It's not necessary to obtain Chinese currency prior to your departure as money can be easily exchanged at hotels, banks and major shops. The exchange rate at hotels are equivalent to banks, so there's no need to locate a bank. The fee is also very minimal (1% or less).
All currency exchange transactions require your passport as photo ID and don't forget to keep the receipt of each transaction for your records. The best form of currency to bring is cash in US Dollars because it's very difficult to exchange traveler's checks in China due to repetitive fraudulent activity.
It's important that the bills be fairly new, meaning free of writing or torn edges and that they are the large-faced bills (except for $1 bills since they are not printed in the large-face format yet).
There are ATM machines in China, however, it's unknown which Chinese banks work with which U.S. bank systems. If you match the logos on the back of your card to the logos on the ATM machine, it should work when you enter the PIN number linked to that card (whether it be an ATM or credit card).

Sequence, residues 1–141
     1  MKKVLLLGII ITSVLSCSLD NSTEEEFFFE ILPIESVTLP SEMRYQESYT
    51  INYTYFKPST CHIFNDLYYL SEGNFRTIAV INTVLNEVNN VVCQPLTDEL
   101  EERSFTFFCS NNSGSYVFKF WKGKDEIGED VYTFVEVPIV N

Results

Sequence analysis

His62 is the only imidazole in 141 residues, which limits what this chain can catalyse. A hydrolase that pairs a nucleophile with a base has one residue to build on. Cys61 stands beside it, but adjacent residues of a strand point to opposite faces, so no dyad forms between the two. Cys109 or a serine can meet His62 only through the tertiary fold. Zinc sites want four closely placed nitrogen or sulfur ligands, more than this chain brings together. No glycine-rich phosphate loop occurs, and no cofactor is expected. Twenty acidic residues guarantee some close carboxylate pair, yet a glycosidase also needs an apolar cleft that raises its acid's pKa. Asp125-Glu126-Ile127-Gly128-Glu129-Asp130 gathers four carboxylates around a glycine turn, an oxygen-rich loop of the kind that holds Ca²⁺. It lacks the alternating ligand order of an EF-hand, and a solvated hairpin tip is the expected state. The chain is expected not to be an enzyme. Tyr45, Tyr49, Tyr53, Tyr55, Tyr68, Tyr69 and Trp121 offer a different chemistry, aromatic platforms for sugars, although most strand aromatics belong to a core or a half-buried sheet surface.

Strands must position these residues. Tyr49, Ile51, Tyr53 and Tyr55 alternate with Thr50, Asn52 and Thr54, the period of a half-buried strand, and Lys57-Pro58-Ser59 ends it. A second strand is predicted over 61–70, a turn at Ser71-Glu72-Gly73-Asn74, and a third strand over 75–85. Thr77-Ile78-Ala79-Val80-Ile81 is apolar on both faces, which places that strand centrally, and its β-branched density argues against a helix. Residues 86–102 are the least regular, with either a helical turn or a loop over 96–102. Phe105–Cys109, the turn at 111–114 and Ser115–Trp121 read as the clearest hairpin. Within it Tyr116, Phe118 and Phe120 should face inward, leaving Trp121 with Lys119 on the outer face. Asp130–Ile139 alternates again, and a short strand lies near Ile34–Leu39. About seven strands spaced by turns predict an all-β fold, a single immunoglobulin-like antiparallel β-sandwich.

For large purchases, we highly recommend paying with a credit card. In case you have a dispute with quality and/or pricing, you can always have the credit card company intervene or even stop payment, if necessary.
Please contact your bank and credit card companies before traveling to inform them of your destination.
Currently, one U.S. Dollar equals approximately 6.5 Yuan.
Renminbi (RMB) is the official currency of China (PRC). The primary unit of renminbi is yuan (¥). The current renminbi comes in a coin (1¥) and banknotes come in five different denominations (5¥, 10¥, 20¥, 50¥ and 100¥).
The shape of the banknotes are not uniform as in the United States. As the denomination of the bill increases, so will the size of the bill will slightly increase (5mm increments).

1¥ Coin

5¥ Banknote

10¥ Banknote

20¥ Banknote

50¥ Banknote

100¥ Banknote